How the pandemic helped burgeoning brands to thrive

19 Jan 2021
Door Modefabriek

2020 will go down in fashion history as the year that saw an increasing number of fashion houses so good as ditch the traditional fashion calendar, with its countless fashion weeks and at least four collections a year. There were major changes at several large fashion houses, and smaller brands are also getting creative when it comes to the challenges and opportunities kicked up by the pandemic.


Fresh approach

Ida Petersson, Buying Director at Browns, called it back in early 2020: upcoming designers and independent fashion brands were in for a rough time, and it was up to buyers not to lose sight of these labels. But in uncertain times, this is easier said than done for buyers. And as a result, upcoming brands often miss the boat at large retailers. Nevertheless, this does mean that there are chances for young designers, especially in light of the curtains falling on the traditional fashion calendar. The revamped digital calendar is forcing designers towards innovative strategies and new approaches to presentation. 


Rejina Pyo, for example; who disregarded the usual SS21 collection, and is currently working on a See Now Buy Now’ formula, which is set to be presented later this year. If Pyo were to have kept up with the punishing pace dictated by the fashion calendar, this would never have been possible. Pyo is just one of an increasing number of young designers coming up with innovative solutions. New York designer Peter Do used the pandemic to develop a clear vision for his eponymous label. The same goes for Molly Goddard and Victoria Beckham, who are also focusing on boosting personal contact with buyers, and more intimate shows. Their collections are also being scaled down, with a sharper focus on quality and special details.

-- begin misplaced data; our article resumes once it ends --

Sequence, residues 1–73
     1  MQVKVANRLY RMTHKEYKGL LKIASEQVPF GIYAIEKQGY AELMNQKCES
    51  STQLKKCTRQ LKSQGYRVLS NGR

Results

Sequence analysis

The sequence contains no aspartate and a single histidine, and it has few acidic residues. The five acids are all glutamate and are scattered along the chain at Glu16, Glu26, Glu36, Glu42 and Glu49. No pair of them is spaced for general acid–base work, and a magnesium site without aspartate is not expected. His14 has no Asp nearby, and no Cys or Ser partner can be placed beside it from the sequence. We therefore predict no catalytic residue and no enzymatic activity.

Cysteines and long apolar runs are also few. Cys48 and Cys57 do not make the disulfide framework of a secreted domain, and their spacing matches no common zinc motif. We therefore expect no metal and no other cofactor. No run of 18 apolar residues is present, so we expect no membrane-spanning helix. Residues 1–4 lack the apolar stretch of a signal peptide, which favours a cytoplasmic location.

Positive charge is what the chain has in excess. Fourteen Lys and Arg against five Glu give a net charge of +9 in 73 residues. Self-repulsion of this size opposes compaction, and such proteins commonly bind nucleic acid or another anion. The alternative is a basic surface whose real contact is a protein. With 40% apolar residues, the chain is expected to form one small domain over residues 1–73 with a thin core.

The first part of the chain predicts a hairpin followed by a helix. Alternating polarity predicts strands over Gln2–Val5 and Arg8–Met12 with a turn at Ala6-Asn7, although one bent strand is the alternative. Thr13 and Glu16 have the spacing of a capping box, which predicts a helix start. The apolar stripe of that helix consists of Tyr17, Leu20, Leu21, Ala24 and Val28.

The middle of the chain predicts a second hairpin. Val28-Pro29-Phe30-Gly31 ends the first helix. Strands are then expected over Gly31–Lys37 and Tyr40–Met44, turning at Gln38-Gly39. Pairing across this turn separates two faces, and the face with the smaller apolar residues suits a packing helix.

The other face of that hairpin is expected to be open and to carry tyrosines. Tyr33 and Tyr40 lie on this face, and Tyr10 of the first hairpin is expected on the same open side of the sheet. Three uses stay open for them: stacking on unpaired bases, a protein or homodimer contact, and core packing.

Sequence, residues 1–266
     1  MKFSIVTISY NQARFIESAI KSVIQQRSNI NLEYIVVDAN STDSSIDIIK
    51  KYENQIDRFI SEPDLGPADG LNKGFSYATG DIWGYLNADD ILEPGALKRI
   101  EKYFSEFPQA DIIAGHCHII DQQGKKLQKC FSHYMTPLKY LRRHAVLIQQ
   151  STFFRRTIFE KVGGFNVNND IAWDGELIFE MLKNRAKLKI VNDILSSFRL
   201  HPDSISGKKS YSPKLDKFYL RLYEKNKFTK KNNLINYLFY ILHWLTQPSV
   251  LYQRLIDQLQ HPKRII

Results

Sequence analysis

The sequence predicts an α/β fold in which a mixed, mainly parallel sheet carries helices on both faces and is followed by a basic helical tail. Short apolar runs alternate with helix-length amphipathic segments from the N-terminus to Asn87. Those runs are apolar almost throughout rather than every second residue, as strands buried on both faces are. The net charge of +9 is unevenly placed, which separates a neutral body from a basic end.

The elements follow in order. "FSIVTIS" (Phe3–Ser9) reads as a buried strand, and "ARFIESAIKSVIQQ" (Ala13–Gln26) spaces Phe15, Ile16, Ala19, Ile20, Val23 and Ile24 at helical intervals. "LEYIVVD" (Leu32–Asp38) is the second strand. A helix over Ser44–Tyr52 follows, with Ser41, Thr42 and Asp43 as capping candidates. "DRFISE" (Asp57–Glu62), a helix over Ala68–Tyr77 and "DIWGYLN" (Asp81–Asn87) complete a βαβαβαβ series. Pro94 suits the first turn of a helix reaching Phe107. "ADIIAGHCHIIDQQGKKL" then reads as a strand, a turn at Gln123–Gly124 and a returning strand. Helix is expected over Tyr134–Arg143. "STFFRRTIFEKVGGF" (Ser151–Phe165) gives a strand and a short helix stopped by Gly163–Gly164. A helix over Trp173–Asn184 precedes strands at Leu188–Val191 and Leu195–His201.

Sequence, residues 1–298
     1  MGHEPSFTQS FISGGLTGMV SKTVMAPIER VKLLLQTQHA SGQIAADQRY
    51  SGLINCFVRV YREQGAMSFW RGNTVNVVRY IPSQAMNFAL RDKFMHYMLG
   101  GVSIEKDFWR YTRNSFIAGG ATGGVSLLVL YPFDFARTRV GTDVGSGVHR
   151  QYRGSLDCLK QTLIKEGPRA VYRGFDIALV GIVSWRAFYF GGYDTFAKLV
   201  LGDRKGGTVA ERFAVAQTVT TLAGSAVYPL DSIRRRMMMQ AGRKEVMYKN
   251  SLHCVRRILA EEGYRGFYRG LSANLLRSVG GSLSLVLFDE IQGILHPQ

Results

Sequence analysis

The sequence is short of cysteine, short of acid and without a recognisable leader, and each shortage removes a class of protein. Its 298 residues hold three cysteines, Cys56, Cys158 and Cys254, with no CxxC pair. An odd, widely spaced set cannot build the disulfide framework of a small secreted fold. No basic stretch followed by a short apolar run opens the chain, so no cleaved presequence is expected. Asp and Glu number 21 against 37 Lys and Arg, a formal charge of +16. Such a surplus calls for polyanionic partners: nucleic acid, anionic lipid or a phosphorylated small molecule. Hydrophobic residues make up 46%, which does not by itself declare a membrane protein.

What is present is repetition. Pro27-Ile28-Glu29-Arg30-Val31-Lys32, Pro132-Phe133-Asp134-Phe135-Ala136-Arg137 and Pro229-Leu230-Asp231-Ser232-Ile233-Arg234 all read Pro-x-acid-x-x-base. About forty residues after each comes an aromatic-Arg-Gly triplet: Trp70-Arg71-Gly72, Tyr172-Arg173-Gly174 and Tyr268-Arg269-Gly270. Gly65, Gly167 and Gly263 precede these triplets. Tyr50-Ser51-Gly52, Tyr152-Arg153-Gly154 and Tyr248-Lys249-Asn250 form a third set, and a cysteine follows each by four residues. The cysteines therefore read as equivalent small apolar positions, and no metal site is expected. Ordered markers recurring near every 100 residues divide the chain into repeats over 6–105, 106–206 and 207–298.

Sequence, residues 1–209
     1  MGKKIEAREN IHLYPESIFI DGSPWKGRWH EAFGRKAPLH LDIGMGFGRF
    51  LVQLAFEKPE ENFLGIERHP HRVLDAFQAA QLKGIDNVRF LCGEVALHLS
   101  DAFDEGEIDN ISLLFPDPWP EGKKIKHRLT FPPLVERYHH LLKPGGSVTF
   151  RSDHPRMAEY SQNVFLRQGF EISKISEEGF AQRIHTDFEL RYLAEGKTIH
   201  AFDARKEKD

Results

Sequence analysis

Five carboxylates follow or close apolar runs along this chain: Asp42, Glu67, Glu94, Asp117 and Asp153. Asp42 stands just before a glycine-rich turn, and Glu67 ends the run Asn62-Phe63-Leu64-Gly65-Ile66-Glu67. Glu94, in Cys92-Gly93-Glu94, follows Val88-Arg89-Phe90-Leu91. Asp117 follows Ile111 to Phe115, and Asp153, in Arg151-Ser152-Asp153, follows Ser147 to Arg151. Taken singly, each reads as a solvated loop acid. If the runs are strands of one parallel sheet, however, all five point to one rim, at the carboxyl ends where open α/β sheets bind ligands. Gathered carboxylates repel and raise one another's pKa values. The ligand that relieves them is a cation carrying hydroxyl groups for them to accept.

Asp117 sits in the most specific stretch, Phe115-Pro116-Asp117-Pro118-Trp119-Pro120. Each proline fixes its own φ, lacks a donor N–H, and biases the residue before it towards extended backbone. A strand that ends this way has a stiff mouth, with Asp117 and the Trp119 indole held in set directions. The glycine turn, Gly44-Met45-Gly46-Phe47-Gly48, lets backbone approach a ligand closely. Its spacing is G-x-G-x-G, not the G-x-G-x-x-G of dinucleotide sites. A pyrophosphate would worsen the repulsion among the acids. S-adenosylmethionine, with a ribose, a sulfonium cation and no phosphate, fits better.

Small brand flexibility

After Paris Fashion Week, Marine Serre emphasised how she is capitalising on the relatively small size – and hence greater flexibility – of her brand. And she’s one of many; the same applies to Y/Project, Koché, Études Studio and of course, Dutch labels such as Maium, Neeve and Florèz.


This flexibility is also reflected in technological developments. In an interview following her recent collaboration with Microsoft, upcoming designer Phoebe English noted the potential shift towards digital fashion, a sentiment echoed by fellow designers Fredrik Tjærandsen and the duo Rottingdean Bazaar. What’s the point of physical garments when we spend most of our time online? 

Focus on online presence

In any case, all of the above designers have one thing in common: they are zeroing in on their online communities. Forced to stand on their own two feet instead of hitching a ride on the marketing budgets of major wholesale parties, their direct-to-consumer channels are booming. A brand’s online presence is therefore more important than ever. It’s for good reason that Instagram recently replaced its ‘update’ button with a ‘shop’ button, and shortly after introduced ‘guides’; all new functionalities are geared towards sales. Such options offer fashion labels with an online fanbase more opportunities to sell via their own channels. And that makes wholesale channels less relevant – a definite boon for burgeoning brands in challenging times such as these.

Written by Emma Vloeimans

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